7. Not All Sales Positions Are Created Equal. In pharmaceutical sales, there are different types of positions. Direct sales, where a person is promoting the products directly to a physician or group of physicians. This is often the entry level or basic position in the sales hierarchy, and frequently deals with popular, mass-market products. Then there are specialty sales, where a sales person is selling within a specific category, such as cardiac or antivirals, and will frequently target specialists within the healthcare sector, for example cardiac surgeons or internists. Finally, there are hospital sales, which is just what you might guess from the title. These representatives will often be targeting large medical departments and hospital pharmacies, promoting entire catalogs of products. On top of this, you have regional managers, district managers, trainers and training managers – with so many different levels of sales, it is important that a person applies for the correct position in order to be considered.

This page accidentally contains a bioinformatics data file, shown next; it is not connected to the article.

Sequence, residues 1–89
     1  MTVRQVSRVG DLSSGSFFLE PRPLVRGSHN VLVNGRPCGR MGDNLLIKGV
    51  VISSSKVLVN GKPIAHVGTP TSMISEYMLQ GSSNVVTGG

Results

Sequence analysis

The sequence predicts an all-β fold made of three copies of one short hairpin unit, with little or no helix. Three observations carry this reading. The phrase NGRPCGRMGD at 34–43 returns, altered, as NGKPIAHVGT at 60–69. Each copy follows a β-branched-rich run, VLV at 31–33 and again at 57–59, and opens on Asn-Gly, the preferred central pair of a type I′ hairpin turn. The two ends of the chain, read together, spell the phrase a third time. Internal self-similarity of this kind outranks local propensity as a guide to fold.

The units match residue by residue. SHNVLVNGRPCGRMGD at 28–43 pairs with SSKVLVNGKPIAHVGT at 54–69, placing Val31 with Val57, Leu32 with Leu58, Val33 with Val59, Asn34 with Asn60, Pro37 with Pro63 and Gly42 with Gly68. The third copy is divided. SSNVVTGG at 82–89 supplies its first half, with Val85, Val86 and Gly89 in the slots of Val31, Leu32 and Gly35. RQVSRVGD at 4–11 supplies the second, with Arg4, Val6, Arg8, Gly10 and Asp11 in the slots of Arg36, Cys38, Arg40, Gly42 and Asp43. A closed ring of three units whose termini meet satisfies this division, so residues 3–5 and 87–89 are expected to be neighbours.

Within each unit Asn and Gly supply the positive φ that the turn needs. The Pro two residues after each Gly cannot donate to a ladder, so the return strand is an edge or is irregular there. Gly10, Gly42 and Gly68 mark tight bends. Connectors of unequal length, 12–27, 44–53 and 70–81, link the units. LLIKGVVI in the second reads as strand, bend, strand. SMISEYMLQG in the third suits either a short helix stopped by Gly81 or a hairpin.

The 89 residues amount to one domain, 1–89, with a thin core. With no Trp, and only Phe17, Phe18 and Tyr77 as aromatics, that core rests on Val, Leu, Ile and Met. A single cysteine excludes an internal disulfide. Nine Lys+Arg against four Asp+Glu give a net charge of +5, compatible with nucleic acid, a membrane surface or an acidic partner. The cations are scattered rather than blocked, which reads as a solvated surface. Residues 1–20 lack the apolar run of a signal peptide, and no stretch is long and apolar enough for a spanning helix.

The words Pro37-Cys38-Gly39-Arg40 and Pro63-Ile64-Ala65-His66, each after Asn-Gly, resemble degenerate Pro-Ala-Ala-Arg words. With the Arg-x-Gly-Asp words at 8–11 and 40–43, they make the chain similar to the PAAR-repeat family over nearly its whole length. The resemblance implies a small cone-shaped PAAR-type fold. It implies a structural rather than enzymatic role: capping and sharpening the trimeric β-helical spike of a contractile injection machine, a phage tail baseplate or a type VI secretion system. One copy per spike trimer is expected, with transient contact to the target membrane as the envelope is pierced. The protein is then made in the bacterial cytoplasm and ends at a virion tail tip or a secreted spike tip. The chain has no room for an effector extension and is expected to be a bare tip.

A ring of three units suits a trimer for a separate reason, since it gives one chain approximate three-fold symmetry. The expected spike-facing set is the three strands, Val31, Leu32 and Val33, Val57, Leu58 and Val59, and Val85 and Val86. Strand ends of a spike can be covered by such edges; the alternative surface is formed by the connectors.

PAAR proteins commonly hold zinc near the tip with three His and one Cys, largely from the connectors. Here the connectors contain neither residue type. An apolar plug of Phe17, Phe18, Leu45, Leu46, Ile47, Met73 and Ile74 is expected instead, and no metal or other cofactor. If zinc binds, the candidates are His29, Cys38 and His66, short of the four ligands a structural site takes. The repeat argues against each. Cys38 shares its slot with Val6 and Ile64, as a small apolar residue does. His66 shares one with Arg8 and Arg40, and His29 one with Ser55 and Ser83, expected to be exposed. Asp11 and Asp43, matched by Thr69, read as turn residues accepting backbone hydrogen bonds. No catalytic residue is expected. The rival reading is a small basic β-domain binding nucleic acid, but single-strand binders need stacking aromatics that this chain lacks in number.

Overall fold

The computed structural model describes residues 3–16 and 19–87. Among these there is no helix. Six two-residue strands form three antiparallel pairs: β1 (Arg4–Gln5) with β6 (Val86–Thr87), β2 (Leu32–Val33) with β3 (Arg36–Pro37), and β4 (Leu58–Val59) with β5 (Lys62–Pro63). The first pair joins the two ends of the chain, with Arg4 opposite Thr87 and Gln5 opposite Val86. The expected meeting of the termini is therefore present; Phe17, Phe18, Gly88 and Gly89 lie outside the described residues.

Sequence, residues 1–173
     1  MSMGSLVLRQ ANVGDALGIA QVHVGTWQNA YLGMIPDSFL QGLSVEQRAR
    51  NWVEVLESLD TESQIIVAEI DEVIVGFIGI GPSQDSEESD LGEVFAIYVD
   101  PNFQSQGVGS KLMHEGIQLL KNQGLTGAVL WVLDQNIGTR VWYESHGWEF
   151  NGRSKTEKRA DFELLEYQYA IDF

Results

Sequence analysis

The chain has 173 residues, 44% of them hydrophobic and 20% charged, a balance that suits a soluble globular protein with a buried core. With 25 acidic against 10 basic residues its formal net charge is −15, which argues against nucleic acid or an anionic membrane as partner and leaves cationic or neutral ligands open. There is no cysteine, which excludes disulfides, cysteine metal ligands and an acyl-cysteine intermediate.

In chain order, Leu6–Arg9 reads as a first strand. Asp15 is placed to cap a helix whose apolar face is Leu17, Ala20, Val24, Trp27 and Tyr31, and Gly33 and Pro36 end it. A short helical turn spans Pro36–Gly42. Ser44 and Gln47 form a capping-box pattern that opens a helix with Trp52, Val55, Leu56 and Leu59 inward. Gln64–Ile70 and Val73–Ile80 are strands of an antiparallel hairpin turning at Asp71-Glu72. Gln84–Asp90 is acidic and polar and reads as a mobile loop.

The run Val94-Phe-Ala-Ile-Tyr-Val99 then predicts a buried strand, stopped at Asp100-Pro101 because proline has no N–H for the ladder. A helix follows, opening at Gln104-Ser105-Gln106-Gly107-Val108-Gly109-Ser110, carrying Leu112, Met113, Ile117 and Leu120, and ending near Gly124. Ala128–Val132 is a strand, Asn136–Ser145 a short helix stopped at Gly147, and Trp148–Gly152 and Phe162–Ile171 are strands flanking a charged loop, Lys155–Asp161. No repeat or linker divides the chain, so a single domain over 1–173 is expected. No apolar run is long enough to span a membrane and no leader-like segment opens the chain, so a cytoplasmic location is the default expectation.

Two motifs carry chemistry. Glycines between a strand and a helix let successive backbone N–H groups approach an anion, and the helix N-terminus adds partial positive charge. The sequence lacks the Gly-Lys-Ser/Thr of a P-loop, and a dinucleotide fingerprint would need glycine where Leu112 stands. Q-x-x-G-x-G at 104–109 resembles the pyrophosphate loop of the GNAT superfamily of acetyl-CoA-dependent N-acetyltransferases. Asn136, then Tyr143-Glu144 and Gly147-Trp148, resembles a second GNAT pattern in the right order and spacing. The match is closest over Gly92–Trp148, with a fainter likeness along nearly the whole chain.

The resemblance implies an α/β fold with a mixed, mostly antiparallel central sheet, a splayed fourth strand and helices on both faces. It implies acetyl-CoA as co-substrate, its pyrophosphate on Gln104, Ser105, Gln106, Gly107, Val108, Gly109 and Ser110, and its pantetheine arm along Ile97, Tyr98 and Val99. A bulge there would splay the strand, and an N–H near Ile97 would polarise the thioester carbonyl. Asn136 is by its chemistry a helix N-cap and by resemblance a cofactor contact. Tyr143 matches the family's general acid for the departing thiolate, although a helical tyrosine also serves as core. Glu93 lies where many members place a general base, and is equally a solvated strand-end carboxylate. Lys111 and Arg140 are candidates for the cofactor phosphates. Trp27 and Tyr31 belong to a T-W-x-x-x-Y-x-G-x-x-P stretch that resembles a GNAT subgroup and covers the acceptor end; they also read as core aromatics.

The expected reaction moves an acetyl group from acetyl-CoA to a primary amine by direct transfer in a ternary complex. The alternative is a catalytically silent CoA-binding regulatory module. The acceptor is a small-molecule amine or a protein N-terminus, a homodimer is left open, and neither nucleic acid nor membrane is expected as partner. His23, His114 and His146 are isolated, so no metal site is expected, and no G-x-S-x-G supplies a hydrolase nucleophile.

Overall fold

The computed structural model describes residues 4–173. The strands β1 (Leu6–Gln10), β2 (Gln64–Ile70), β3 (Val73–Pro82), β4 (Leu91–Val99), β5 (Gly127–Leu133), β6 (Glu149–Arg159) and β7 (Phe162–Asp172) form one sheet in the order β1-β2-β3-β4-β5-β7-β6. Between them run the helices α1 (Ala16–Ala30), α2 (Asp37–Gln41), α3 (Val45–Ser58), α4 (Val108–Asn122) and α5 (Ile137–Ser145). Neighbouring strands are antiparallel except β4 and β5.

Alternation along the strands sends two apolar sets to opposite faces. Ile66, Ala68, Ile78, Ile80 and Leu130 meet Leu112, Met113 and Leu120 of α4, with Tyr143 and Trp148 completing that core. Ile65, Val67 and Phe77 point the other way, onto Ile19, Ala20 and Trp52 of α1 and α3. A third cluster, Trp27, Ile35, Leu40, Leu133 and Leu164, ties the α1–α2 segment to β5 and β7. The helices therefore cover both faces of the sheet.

8. Understand The Bottom Line. Remember, when a company is looking to fill a position, they are not just looking to fill a position. They are looking for their next ‘Number One’ salesperson. Pharmaceutical companies want people who will consistently excel in their position; people with a drive to outdo the competition, build profitable relationships, and ideally break sales records. People who will do everything in their power to deliver sales. If you aren’t sure if you have that drive, then odds are you don’t, and pharmaceutical sales isn’t for you.

However, if you are a person who is focused on success and thrives in a position where stability, regular schedules, and low pressure situations are most definitely not the norm, then maybe it’s time to start getting your resume in order and start applying!

Teena Rose is the author of Cracking the Code to Pharmaceutical Sales.”